3 out of 5
Given that it’s an independent, self-published production, gaps between issues of Merrick can be a while, and I was too eager to tear into this new series to reread what came before, so I ask for your patience if I bungle any storyline mentions.
But up front, I want to make clear that, despite the rating, ‘Puppets’ is a blast. Luke Parker’s strengths as an artist (and colorist?) just keep getting strong and stronger, and writer Tom Ward’s paced use of splash pages and montage pages really gives Parker the ability to shine in his storytelling, blending perfectly with the narrative and / or showing off amazing snapshots of action. In general, the flow of any given page of this book is sensational, whether delivering exposition or fisticuffs – our artist and writer are lockstep, and though Parker is obviously massively indebted to Mignola, his particular use of dropshadows and panel placement is certainly his own. Capped with Micah Myers expressive lettering, there’s not a moment of this book that isn’t enjoyable to look at, or to read. And especially the last issue, when it all kind of explodes with characters and craziness, it’s just page-turningly great.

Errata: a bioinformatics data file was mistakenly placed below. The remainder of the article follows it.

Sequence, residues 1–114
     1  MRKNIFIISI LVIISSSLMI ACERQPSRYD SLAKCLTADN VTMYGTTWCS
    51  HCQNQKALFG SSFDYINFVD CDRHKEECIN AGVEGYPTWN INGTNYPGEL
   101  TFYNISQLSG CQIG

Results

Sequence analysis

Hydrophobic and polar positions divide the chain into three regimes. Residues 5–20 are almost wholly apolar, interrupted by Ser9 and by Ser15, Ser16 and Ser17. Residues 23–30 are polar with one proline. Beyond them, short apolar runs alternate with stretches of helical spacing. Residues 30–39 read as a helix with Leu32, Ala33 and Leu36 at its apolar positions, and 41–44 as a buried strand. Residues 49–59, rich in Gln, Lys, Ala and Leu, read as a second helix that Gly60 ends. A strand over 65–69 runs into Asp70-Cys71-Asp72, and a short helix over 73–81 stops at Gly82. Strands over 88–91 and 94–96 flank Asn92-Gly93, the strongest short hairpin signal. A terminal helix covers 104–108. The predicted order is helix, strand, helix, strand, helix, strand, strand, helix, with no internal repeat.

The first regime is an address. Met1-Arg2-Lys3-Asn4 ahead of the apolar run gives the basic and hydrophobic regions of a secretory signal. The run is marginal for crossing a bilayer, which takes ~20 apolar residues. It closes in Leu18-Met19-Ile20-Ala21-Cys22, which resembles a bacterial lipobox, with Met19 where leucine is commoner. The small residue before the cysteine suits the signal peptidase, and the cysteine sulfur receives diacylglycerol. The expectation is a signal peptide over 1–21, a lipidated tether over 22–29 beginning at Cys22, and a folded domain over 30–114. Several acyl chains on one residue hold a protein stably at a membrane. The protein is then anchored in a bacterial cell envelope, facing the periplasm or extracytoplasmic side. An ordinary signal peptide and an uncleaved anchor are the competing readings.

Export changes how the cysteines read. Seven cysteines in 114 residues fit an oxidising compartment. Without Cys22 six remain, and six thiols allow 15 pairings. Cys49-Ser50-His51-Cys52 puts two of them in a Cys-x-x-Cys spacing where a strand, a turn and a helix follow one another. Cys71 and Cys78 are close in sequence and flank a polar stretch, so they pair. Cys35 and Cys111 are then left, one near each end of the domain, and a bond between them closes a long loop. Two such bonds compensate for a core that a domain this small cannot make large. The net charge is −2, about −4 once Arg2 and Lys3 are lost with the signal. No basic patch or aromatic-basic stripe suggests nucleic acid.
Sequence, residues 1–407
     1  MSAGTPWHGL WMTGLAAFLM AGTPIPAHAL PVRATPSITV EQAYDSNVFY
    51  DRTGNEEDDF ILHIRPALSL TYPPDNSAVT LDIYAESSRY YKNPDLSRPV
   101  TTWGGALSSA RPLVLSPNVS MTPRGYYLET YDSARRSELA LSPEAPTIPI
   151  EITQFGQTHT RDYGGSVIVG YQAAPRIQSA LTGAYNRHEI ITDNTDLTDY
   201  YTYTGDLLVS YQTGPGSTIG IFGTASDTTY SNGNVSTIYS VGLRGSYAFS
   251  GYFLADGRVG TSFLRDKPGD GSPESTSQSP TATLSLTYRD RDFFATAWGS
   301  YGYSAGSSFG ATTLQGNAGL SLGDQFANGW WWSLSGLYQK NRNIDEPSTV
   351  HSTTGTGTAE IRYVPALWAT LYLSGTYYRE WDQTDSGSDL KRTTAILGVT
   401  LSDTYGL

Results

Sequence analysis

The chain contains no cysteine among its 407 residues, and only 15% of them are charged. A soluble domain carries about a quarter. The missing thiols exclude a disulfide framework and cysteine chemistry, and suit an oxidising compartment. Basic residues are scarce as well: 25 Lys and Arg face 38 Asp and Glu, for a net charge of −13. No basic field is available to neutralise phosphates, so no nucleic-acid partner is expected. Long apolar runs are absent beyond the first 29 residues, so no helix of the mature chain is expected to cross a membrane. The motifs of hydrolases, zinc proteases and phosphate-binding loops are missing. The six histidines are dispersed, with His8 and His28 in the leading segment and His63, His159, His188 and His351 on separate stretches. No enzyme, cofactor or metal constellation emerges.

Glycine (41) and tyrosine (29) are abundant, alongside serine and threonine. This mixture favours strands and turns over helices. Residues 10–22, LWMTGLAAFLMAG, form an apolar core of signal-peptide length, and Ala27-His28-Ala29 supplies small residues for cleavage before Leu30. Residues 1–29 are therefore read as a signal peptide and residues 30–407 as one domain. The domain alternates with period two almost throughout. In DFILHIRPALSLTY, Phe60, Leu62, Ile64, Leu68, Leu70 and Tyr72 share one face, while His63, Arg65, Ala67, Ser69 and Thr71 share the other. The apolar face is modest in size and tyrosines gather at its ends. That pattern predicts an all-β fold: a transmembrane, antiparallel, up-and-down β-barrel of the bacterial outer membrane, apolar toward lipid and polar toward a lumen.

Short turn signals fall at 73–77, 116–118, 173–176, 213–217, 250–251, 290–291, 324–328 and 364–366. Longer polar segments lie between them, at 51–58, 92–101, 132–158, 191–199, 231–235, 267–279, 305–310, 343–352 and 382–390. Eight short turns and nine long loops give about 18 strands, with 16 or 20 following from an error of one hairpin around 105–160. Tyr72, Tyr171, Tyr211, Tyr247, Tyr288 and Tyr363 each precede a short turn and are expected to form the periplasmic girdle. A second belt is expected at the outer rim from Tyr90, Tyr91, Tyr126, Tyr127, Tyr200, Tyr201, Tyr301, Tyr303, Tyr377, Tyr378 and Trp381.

‘Puppets’ brings a few well-known examples of its title into the Merrick world in a wonderfully inventive fashion, wrapping our Sensational Elephantman into a weird adventure that, once again, ties into his past – though this tale mostly functions as a standalone tale. In fact, it’s the bits that aren’t standalone that end up dragging it down a bit, and making it clunky in its first issue: we touch base with Treves, and get an update on his secret society’s standings, and though this is important stuff for the narrative, it doesn’t fit into the story well. Parker tries to alternate between Merrick and Treves, but it’s done so in a manner that feels more random than purposeful – like, it’s been a few pages, so we might as well switch scenes. And he notably has trouble trying to draw ‘Puppets’ new characters into the lore, clumsily lampshading their explanation for how things tie together as “really stupid.” That said, by that point the series has clicked in to full-on crazy, and so it’s absolutely enjoyable in that regard – the issues are super fun, they’re just not plotted the tightest.
As a side note, I’m not sure the use of some f-bombs in the dialogue fits with the book. Merrick man by no means has to be PG, but it didn’t really work with the tone for me. These instances weren’t frequent, thankfully; just something I wanted to toss out there.